We try to balance between the fact that we can't rely on our own blend of talent to meet the demand in terms of marketing and product development. But at the same time, we try as much as possible not to have the effort to get there as well. My kind of work is very similar to other people, but I guess in my case, I have to look at the imbalance between being disciplined on the spending, where we are trying to get help from the outside. In the middle, in Australia, the government has provided a number of support packages. Luckily enough, we were able to draw some of the benefits from there as well.
On top of that, the team has been working very hard. They understand the situation. So despite that, we have to cut some contractors and headcount, they are probably not very essential in what we are trying to do as of today. The impact so far is probably not too bad.
Also for us, the fact that we are well prepared in the work from home situation, our infrastructure and our way of working has been built in to work in this kind of situation for more than a year. We have been very productive. And when this situation happened, we were well prepared. This isn't like other companies where they have to do a lot of transitions to prepare their employees, we are nimble and can switch things very quickly. That has been a good thing for us and cutting some of our head counts, while it is hurtful, it is probably not impacting as much as it should be.
Cheryl: Do you mind sharing how much you cut?
Quan: Percentage-wise, we reduced the headcount by 10%, targeted mostly contractors or people that provide non-essentials or non-core-product development. We are looking at web development for example. On top of that, for the management, we are looking at other financial measures like salary deferment as well as accepting a small cut of the salary, just to make sure that we can move through this one.
The other thing that I would add in, is that on top of that outcry, we are looking at other partnerships with Google, to provide some assistance in terms of infrastructure. It helped us to make some good decisions around the cost-cutting measures that we have to avoid.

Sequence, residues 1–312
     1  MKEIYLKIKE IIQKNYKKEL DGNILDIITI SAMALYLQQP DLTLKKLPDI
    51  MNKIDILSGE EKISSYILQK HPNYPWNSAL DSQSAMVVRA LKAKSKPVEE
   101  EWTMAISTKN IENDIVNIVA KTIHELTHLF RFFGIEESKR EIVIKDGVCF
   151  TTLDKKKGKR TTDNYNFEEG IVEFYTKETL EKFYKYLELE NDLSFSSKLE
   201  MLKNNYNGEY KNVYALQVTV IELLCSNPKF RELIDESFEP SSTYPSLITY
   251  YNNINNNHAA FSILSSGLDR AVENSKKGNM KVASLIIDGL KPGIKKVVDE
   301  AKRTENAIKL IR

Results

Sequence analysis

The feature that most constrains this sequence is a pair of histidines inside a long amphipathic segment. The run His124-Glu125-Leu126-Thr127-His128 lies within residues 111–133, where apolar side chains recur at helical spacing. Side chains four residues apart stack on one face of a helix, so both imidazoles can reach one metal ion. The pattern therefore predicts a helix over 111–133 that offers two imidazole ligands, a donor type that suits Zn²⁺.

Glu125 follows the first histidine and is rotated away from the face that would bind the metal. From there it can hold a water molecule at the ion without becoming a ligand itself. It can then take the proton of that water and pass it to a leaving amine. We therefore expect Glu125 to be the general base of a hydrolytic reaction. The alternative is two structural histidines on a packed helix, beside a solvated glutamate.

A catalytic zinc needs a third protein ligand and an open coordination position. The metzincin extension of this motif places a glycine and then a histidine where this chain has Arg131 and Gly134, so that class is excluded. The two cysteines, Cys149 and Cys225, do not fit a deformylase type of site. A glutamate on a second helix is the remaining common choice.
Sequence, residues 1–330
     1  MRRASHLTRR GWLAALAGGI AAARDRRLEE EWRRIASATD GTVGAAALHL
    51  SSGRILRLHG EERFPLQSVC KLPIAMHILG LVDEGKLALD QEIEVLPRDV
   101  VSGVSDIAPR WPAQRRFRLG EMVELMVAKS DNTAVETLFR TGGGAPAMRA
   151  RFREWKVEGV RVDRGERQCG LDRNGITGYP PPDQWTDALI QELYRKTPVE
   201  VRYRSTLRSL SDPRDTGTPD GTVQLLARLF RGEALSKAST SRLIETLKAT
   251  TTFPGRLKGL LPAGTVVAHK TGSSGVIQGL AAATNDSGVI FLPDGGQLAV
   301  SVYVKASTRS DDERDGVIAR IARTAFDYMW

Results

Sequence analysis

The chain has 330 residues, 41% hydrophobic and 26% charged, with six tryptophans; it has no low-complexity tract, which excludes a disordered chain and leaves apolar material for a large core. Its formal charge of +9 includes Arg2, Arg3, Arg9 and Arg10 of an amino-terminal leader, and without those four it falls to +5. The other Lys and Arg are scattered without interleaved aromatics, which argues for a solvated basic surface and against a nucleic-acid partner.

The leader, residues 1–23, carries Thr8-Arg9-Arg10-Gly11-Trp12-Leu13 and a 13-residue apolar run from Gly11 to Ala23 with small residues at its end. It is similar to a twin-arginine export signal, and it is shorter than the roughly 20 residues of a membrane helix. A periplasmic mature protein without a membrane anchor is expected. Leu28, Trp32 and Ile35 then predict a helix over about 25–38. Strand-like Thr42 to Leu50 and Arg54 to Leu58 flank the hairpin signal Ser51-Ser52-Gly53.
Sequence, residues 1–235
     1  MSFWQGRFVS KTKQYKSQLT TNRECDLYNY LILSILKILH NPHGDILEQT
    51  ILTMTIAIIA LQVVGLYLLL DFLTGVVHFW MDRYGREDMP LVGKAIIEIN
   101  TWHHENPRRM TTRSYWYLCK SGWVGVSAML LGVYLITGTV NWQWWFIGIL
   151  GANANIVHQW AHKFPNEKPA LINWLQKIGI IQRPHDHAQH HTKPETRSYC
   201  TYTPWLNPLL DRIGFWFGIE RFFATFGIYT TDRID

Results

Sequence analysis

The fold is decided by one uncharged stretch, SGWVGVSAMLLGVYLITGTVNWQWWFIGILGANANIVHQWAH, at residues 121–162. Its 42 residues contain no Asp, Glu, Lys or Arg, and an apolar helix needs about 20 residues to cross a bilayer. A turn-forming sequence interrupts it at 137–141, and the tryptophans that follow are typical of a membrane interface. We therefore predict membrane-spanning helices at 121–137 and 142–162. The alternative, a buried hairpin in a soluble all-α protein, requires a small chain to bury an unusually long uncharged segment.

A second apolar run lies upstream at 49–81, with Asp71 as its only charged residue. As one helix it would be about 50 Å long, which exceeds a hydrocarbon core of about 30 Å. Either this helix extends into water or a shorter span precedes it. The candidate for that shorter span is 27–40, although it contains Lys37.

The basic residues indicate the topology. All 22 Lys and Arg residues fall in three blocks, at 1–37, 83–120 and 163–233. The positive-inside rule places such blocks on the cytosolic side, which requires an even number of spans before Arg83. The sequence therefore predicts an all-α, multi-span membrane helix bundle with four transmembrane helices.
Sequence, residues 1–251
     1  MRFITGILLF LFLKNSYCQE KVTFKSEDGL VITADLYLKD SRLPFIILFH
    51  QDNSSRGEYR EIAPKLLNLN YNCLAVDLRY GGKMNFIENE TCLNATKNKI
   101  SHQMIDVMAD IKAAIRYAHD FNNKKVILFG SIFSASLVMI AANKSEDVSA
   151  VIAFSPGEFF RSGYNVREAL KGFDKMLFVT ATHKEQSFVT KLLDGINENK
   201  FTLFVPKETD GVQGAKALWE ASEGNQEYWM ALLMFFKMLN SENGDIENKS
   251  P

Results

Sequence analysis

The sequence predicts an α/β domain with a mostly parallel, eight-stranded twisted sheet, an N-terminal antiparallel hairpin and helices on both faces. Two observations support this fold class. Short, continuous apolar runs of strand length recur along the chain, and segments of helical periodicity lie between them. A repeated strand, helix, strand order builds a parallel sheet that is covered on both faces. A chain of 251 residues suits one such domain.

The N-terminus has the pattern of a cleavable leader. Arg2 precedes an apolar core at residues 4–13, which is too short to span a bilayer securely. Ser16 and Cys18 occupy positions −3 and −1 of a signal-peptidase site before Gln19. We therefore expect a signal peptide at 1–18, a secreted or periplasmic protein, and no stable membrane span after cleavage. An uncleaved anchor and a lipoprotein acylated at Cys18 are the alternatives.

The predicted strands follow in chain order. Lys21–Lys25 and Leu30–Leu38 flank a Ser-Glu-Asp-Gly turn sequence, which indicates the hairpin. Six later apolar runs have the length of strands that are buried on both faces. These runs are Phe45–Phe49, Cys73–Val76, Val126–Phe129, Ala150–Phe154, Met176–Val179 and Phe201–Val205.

Janssen: Interesting. If you don't mind sharing, is 10% enough? What is your outlook like?
Quan: To be frank, this whole thing, some people say it is going to last for 12 months, some people say it will last one and a half years. Typically, we try to survive as long as we can. Everyone says that.
Whether or not 10% is enough, I, to be frank, don't know. What I am trying to do right now is trying to boost the limit as much as we can, to the point where we can still do the minimum things, but at the same time being as disciplined as possible in terms of spending.
In a way, I am a fairly optimistic guy, and I think there is still a good chance where we still can generate some traction and growth amidst this situation. Because, the area and the market around the stuff that we do, still generates quite a few of interest, even between B2C and B2B markets.
So personally, I think that what we can do is to be sensible for the current situation. We will look at reviews every two weeks and be on top of the situation. We will try to do the sensible thing and keep a close eye on the recent development.
Cheryl: I heard that some companies don't have as many contractors to cut off because they're at series A or B. What they do to try to prevent layoffs, is to move everyone to a 4-day week kind of schedule, so they're working less, and their salaries are cut accordingly. This kind of one strategy, just to share, that you can apply if you are in that situation.
Ernest: I should just add another strategy. I think Quan mentioned briefly. Obviously all start-ups are expensive, but reach out to any single partner like AWS or Google for web posting and ask them if they have got any program to help us or if they gave discounts. They do give discounts. I've managed to get discounts from Intercom. There's a bunch of other companies, e.g. AWS. Just reach out to them. There's a lot of start-ups doing that, there's a lot of discussion around that in Silicon Valley. Maybe it's more around our community, but you can reach out to AWS, Google, Intercom, if you use it for communicating with your clients. Google Apps, and ask them for a discount, and they would be more than happy to give it to you.
If you don't, you will never get it, so it's better to ask. And I think everyone understands the situation every start-up is in, and a lot of the large companies understand that start-ups are the seeds of the future of some large company. If I don't help the start-ups today, these companies might not exist in the future and therefore their revenue might also be impacted. They look at it as a future investment by giving you a discount. Every start-up should do this straight away